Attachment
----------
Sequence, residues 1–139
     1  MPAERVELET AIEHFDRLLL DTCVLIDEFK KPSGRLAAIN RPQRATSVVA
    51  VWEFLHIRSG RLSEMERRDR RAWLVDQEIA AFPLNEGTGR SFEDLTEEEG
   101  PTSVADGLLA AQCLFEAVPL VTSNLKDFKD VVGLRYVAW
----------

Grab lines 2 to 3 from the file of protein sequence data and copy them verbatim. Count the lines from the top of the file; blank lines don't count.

     1  MPAERVELET AIEHFDRLLL DTCVLIDEFK KPSGRLAAIN RPQRATSVVA
    51  VWEFLHIRSG RLSEMERRDR RAWLVDQEIA AFPLNEGTGR SFEDLTEEEG